Public School Funding: Taxes or Parent Donations?
When communities vote on public school budget proposals throughout the country, voting citizens evaluate the quality of the curricula, the perceived effectiveness of the administration, the students’ performance, the prioritization of students’ needs, and their own wallets. Rising costs and an unstable economy tend to push parents to be wary of budget increases that result in higher taxes. No one wants to pay more money for a mismanaged school district, but with unfunded school districts — and with wide differentiation between schools in wealthy communities and those in poorer communities — the quality of education overall continues to fall.
Schools underfunded through taxes turn to other sources to support the necessities of education. The funding picture is usually complex, but a significant part of the equation consists of donations from parents. Parent-teacher organizations help raise funds from parents in order to cover the costs of textbooks, teacher aids, and entire educational programs minimized by reduced budgets in tight economies. Bake sales have been a part of the parenting experience as far back as I can remember, but organizations are increasingly looking for monetary contributions.
Not every parent can afford to pay the suggested donations requested by PTA groups. One school could cover many different socio-economic communities. Even those who can afford $1,000 or $2,000 a year per student often believe that tax income should leave little responsibility for funding to the parents.
I’m a big fan of DonorsChoose, an organization designed to make private funding for educational needs more accessible. The organization allows teachers to list underfunded projects and accept donations to purchase the materials. The list of materials for each project is vetted by the DonorsChoose staff, and when a project is fully funded, DonorsChoose buys the materials and ships them to the school. No actual money reaches the school or the teacher. With this method, teachers are encouraged to list their best projects for potential funding or face embarrassment for posting a project that has little educational value. The best projects ideally receive funding the quickest.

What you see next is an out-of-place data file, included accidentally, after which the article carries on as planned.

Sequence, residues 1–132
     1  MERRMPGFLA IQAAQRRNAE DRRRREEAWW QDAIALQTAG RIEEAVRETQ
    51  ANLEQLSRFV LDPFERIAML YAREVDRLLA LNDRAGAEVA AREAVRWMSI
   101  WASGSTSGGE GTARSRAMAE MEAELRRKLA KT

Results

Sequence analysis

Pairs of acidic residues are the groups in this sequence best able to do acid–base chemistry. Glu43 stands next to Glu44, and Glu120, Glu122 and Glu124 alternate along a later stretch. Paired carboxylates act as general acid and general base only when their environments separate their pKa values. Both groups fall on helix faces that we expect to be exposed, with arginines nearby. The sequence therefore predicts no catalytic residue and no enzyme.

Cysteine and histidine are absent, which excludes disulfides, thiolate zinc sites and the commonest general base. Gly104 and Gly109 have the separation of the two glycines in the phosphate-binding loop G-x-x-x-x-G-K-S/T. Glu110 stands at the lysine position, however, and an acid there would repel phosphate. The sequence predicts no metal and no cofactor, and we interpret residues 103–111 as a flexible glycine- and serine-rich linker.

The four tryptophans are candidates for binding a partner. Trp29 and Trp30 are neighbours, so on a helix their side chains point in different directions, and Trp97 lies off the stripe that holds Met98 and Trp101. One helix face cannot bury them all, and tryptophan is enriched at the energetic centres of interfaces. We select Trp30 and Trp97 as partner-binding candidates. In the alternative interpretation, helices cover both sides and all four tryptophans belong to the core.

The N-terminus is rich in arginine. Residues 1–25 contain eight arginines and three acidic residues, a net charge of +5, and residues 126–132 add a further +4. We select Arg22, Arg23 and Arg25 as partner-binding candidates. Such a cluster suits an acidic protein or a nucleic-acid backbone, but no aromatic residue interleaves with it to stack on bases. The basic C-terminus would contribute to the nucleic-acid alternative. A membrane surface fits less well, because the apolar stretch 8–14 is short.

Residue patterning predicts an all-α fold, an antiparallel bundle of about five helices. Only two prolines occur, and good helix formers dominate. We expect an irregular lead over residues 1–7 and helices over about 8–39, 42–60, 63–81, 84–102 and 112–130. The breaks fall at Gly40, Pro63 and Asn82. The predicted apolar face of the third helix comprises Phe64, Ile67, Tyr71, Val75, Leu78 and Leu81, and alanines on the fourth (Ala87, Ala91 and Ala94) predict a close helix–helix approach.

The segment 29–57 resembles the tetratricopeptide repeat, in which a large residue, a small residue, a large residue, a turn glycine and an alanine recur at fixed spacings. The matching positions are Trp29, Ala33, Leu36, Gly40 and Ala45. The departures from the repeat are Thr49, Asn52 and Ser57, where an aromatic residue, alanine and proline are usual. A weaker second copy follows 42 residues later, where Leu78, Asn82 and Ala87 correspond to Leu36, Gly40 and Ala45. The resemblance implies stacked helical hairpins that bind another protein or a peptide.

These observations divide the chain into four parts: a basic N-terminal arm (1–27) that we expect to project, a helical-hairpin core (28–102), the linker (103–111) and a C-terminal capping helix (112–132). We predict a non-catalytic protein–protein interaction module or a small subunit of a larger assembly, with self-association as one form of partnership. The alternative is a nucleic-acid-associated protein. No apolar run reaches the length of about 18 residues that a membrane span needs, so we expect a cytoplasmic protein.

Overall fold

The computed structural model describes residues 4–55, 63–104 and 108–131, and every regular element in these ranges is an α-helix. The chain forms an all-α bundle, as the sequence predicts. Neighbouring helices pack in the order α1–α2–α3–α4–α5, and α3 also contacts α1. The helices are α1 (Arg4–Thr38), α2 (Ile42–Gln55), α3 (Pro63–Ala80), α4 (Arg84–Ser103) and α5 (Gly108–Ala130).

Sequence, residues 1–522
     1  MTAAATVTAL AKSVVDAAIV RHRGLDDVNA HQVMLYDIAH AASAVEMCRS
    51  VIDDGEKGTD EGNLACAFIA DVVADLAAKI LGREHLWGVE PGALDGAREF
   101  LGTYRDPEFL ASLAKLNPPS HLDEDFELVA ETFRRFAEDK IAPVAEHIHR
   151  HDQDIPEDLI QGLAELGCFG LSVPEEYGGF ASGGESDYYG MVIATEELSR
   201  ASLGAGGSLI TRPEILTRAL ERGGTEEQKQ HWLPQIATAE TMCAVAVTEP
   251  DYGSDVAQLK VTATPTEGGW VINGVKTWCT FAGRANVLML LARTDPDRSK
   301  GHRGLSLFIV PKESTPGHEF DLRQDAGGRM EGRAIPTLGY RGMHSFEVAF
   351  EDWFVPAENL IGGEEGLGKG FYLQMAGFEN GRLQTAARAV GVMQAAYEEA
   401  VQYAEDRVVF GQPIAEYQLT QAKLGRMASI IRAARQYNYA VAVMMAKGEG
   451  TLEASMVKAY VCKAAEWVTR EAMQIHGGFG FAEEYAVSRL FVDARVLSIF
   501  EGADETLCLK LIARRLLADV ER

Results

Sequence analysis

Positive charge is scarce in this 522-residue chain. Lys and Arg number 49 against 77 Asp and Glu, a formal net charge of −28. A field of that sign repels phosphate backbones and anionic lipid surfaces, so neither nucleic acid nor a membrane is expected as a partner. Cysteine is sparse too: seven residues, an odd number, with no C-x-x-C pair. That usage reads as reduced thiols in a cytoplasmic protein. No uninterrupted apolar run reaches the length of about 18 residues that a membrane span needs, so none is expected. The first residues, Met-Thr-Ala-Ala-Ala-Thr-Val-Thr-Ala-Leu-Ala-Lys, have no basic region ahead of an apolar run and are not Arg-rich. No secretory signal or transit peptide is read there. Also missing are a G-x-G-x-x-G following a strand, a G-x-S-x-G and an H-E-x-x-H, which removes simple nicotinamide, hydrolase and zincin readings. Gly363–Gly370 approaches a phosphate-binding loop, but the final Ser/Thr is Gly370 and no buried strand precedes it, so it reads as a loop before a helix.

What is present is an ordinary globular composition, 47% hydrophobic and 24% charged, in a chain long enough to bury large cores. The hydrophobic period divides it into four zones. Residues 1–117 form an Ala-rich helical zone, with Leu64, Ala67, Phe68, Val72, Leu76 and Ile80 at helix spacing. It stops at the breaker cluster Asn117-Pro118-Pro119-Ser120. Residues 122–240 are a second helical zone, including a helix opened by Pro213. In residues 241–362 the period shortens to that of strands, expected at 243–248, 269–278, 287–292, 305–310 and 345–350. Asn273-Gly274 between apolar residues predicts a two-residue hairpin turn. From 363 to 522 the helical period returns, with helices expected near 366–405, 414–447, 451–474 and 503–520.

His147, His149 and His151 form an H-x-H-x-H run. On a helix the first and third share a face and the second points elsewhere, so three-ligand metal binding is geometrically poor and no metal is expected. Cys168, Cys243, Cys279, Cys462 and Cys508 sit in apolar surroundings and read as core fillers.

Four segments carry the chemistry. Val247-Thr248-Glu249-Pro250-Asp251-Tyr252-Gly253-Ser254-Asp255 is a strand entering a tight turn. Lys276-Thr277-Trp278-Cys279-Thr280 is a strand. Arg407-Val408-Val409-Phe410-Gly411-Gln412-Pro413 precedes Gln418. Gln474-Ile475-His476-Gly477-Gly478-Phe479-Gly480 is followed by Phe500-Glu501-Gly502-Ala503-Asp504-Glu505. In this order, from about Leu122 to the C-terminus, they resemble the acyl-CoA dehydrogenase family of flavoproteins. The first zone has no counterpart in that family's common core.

Although I have no children in school — no children whatsoever — my prioritization of education as an issue leads me to support DonorsChoose campaigns organized by teachers I know or pertaining to topics about which I’m passionate, including arts and financial literacy.
This method is an improvement on the model of asking parents to write checks to the school, but works most effectively when combined with communication to the parents. Principals can send emails and letters to parents to keep them abreast of their school’s latest funding needs, and parents can see the results of their tax-deductible donations. Asking for money to fund education shouldn’t be necessary in this country where education is or should be a priority, but these needs exist, and schools committed to providing the best education possible for the students need to find creative ways to deal with financial shortcoming.
If you’re a parent with a child or children in school, are you asked to contribute financially? Is the local (or state, or federal) government responsible for ensuring a quality education is available to all, regardless of socio-economic status, through taxation? Are schools opting to spend the money they have inefficiently?